Steve Bond: Local runners earn National Class times |

Steve Bond: Local runners earn National Class times

Al Shook, as regular readers of my columns and race stories know, has been having a great summer of racing, which he topped off on Aug. 29 with his best of the year at the U.S.A. Track & Field Road Mile Championships in Irvine.

On that day, Al ran six minutes, 13.6 seconds to win the 70 and over age group by almost a minute, with second place at 7:10.6.

Al’s time, age graded to the day, came in at 82.15 percent, the best he has hit in the decade or so I’ve known him, a strong National Class time, proving to and inspiring us that we can still run fast as we get older.

The day before, Aug. 28, Rob Taylor and I drove down to the Race for the Arts 5K at William Land Park in Sacramento.

On this unusually cool August morning, complete with strong wind gusts, Rob ran the fastest 5K of his life in 19:32.0, earning him fourth out of 46 in the 45-49 age group and 46th out of 831 overall. Age graded, Rob earned a strong Regional Class 73.33 percent mark, his best yet.

My goal, after running 19:11.1 on Memorial Day and a strong summer of training, was to break 19 minutes, but the wind was not my friend. I ended up running 19:15.2, my second fastest 5K in the last eight years, sixth out of 27 in the strong 50-54 age group, 42nd overall. This effort earned me my second best age grade in the last 32 years at 79.34 percent, to the day. Agonizingly short of my National Class goal, but good enough to keep me sixth in the Run Sac age graded Grand Prix.

Two weekends later, Bridgette Holzapple and I ran the Buffalo Stampede 10 mile race in Sacramento on a near perfect weather day. Usually, it is either brutally windy or very hot. Not this year, when there was almost no wind and it was reasonably cool.

The course, certified at 10 miles, which means it has to be AT LEAST that distance, has been verified by several extremely reliable sources (THE most reliable of any in the area) as being a minimum of 10.08 miles, which is the distance I’ve used for age grading purposes.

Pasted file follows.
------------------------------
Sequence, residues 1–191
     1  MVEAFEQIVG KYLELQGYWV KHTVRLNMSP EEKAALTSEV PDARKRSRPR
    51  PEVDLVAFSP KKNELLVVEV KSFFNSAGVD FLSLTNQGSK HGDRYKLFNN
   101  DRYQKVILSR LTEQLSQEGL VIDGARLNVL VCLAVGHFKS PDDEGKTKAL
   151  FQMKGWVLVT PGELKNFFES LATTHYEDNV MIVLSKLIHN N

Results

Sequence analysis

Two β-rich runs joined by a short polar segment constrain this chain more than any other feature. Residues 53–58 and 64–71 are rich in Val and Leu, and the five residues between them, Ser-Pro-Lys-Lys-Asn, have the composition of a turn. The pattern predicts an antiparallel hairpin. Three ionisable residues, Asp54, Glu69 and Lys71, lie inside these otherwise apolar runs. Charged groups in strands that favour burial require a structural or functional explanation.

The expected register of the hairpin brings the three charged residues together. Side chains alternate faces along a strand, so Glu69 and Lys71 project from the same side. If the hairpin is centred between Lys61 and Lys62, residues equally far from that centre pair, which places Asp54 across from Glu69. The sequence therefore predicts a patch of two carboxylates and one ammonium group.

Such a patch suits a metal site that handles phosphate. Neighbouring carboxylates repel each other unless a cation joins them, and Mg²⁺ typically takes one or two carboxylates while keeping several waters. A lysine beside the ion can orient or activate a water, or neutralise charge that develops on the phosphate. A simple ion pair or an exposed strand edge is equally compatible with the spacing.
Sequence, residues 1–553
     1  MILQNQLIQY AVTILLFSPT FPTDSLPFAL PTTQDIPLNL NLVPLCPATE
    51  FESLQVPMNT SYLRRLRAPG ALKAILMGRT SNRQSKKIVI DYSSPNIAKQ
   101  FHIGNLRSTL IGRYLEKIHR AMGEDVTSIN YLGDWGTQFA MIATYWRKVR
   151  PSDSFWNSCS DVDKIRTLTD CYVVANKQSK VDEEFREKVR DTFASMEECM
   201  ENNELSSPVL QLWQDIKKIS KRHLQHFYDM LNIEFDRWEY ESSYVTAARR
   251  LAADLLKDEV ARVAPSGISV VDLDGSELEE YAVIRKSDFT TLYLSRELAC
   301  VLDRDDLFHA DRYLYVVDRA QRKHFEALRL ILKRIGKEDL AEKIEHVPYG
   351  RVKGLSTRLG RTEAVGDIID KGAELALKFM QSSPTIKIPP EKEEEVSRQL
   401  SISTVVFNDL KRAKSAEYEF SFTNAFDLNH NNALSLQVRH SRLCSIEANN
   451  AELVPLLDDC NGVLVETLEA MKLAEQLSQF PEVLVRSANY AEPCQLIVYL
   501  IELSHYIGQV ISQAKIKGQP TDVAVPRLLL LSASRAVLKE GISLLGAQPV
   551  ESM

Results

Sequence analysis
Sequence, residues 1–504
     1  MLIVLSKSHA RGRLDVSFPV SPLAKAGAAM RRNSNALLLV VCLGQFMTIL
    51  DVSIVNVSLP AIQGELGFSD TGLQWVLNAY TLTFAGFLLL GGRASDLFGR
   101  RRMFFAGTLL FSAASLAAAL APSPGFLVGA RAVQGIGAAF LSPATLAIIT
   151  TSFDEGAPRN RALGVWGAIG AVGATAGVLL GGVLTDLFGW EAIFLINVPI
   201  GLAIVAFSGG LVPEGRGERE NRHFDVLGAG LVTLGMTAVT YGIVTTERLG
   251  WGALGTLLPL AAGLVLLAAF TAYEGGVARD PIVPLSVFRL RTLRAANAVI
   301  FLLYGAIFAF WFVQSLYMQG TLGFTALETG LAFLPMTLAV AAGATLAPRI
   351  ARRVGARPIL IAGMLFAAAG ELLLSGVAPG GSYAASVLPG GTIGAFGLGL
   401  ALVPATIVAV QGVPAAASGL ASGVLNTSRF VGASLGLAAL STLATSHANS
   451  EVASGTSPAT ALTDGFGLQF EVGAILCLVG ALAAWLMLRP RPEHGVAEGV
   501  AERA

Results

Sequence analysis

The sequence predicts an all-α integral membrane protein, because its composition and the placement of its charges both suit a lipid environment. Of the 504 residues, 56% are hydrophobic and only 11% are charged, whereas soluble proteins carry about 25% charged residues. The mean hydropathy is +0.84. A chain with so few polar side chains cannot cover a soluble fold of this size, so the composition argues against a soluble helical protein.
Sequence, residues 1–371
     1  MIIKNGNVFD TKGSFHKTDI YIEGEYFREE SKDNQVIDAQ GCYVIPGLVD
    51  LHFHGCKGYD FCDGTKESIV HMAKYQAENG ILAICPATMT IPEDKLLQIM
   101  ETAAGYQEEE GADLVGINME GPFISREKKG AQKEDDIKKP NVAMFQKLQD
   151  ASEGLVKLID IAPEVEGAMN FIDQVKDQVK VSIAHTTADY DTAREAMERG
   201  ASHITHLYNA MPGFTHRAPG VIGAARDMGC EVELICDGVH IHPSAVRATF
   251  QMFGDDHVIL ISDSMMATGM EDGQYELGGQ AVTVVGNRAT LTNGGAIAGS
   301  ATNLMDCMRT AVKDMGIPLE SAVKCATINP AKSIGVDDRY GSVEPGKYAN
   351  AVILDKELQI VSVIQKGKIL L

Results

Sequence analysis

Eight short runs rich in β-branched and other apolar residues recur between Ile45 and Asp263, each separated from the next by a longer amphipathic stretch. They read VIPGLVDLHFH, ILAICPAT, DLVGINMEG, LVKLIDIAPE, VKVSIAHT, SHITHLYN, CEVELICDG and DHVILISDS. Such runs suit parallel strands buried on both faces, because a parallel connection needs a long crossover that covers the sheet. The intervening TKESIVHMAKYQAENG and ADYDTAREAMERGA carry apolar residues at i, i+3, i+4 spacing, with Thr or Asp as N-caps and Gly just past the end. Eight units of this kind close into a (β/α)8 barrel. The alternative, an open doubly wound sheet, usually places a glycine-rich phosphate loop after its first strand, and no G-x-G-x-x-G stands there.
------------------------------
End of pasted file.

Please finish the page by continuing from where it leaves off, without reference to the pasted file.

Bridgette ran her best race in recent memory, finishing fifth out of 62 in the 40-49 age group in one hour, 15:44.7, good for 88th place out of 636 overall. Age graded, at the 10.08 distance, Bridgette was solidly into Regional Class at 72.17 percent.

As a close friend told me, my race was “off the charts!” I ended up running faster per mile than I had per mile for 10K in the last eight years, which is a miracle. Some days, rare as they may be, it all comes together. I ended up 39th overall and seventh out of 58 in the 50-59 age group, finishing in one hour, 5:49.3, 2:36 faster than last year. Age graded, I hit 80.12 percent, my first National Class effort in 32 years. And surprisingly, at a distance I’ve only run four times in my life. Finally! Still hanging in at sixth in the Run Sac Grand Prix.

The following weekend, for fun, I ran the hilly, rocky, Viking Alumni 2-mile cross country race in Santa Rosa, finishing in 12:45, fourth in my age group, four seconds out of third, 34th out of 91 overall.

Next up for a number of local runners is the Urban Cow Half Marathon or 5K on Sunday at William Land Park in Sacramento.

Following that is the Monster Gym/South Yuba Club Harvest Run 5K and 10K races on Oct. 9 at the Loma Rica Organic Farm in Grass Valley, the eighth of 10 events in the Gold Country Grand Prix.

I’ve been told there will be new, less hilly courses this year, which I think most participants will appreciate.

The races will start at 8:30 a.m., with race day registration starting at 7 a.m.

More information can be obtained from Race Director Michelle McIntosh at or by calling her at 530-470-9100 ext. 24.

Two weekends later will be the ninth event in this year’s Gold Country Grand Prix, the hilly Run Through the Colors 5K and 10K races, held on Sunday, Oct. 24, at Pioneer Park.

The races begin at 8:30 a.m., with race day registration starting at 7:30.

More information, including entry forms, can be obtained from Race Directors Richard or Theresa Thomas at 530-265-2666, or

Race fliers and current Grand Prix standings can be found on the Sierra TrailBlazers site, thanks to Gary Loucks, at

Abby Hunter, who has been the women’s winner in three local 10Ks this year, is offering a training clinic for beginners. If you are interested, give her a call at 530-913-1656 or

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